US sanctions those who helped Russia get Iranian drones for Ukraine war

Russia Ukraine War
This undated photograph released by the Ukrainian military’s Strategic Communications Directorate shows the wreckage of what Kyiv has described as an Iranian Shahed drone downed near Kupiansk, Ukraine. Ukraine’s military claimed Tuesday, Sept. 13, 2022, for the first time that it encountered an Iranian-supplied suicide drone used by Russia on the battlefield, showing the deepening ties between Moscow and Tehran as the Islamic Republic’s tattered nuclear deal with world powers hangs in the balance. (Ukrainian military’s Strategic Communications Directorate via AP) Ukrainian military’s Strategic Communications Directorate/AP

US sanctions those who helped Russia get Iranian drones for Ukraine war

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The State and Treasury departments imposed sanctions on individuals and entities that contributed to Russia’s acquisition of Iranian drones that Russian forces have used in Ukraine.

They announced the sanctions, which target Iran’s Islamic Revolutionary Guard Corps Aerospace Force, Qods Aviation Industries, and Shahed Aviation Industries Research Center, among others, on Tuesday. Secretary of State Antony Blinken announced the sanctions, saying Iranian UAVs “are being used by Moscow to strike civilian infrastructure and cities.”


The IRGC Aerospace Force “likely helped facilitate Iran’s supply of military UAVs to Russia,” while Qods provides the Mohajer-6 and Shahed Aviation produces the Shahid-series UAV variants, including the Shahed-136, which has been documented in Ukraine.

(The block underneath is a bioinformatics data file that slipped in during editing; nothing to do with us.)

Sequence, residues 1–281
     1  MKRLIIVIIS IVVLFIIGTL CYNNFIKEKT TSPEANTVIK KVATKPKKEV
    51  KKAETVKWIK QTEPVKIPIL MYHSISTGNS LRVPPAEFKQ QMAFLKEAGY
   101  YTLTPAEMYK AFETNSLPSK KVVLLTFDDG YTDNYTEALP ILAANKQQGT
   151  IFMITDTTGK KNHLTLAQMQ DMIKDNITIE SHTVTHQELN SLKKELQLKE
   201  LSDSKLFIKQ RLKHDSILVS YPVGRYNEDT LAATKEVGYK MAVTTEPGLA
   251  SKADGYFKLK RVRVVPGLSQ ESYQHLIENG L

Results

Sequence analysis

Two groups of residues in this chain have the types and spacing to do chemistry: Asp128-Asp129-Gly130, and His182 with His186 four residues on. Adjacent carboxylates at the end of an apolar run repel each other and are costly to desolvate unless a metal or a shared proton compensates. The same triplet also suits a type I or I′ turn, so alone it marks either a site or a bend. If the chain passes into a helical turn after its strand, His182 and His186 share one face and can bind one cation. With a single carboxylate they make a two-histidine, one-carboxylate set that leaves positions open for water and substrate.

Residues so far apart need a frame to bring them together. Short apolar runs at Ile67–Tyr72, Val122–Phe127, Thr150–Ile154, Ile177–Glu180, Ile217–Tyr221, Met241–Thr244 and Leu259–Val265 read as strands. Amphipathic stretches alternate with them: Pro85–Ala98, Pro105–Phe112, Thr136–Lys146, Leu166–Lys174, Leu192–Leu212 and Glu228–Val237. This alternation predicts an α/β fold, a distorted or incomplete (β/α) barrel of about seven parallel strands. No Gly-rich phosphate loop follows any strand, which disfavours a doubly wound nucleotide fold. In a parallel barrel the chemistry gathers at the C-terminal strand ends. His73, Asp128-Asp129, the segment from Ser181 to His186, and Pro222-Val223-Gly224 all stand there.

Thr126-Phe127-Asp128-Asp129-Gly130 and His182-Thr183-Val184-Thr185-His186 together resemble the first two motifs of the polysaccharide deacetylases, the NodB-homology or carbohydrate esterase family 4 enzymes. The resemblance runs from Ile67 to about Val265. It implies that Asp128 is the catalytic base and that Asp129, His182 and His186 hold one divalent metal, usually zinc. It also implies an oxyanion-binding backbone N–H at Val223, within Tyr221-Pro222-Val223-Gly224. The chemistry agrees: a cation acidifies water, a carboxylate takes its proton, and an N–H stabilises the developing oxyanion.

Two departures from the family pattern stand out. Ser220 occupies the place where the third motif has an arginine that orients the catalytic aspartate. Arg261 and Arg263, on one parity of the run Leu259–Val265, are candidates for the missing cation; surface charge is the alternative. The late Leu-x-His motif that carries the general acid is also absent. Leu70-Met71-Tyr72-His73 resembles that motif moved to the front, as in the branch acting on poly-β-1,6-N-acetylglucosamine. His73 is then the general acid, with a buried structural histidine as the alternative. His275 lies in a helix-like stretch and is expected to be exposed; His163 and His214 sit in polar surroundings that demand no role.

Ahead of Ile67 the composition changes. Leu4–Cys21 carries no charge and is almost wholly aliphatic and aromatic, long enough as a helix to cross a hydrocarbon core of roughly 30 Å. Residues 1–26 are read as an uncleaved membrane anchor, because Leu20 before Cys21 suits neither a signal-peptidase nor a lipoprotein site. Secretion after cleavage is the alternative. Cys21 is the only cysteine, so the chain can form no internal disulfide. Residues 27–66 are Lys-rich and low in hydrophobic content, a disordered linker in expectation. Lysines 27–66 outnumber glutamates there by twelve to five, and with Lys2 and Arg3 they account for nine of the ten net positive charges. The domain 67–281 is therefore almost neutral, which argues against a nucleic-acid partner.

The Biden administration, which has warned in recent weeks that Iran and Russia had grown closer over the course of the war, announced weeks ago that “a relatively small number” of personnel connected with the IRGC had traveled to Crimea to help train the Russians on the drones due to initial shortcomings. Iran has denied the allegations.

“As we have demonstrated repeatedly, the United States is determined to sanction people and companies, no matter where they are located, that support Russia’s unjustified invasion of Ukraine. Today’s action exposes and holds accountable companies and individuals that have enabled Russia’s use of Iranian-built UAVs to brutalize Ukrainian civilians,” said Treasury Secretary Janet Yellen. “This is part of our larger effort to disrupt Russia’s war effort and deny the equipment it needs through sanctions and export controls.”

The department also designated the Wagner private military contractor company for operating in the defense sector of the Russian economy. Blinken, in the announcement, said the group sought to acquire Iranian UAVs themselves “almost certainly to support its operations in Ukraine.”


Abbas Djuma and Tigran Srabionov, both of whom were involved in the Wagner Group’s attempt to purchase Iranian drones, were sanctioned, as were two entities — United Arab Emirates-based Success Aviation Services FZC and I Jet Global DMCC — which were involved in the transfer of the UAVs from Iranian custody to Russian.

A day earlier, the departments announced sanctions against 14 individuals and twice as many entities that the department alleges have been involved in supporting Russia’s military as it wages its war in Ukraine. Those sanctioned include French real estate companies, a group of Swiss nationals, and Taiwanese microelectronic component purchasers.

The war has exhausted Russia’s defense resources, and its defense industrial capabilities have been unable to keep up with demand, forcing the Kremlin to turn to international allies, such as Iran and North Korea.

National Security Council coordinator John Kirby told reporters earlier this month that its “information indicates the DPRK is covertly supplying Russia’s war in Ukraine with a significant number of artillery shells,” though the North Korean government has denied the allegations.

© 2022 Washington Examiner

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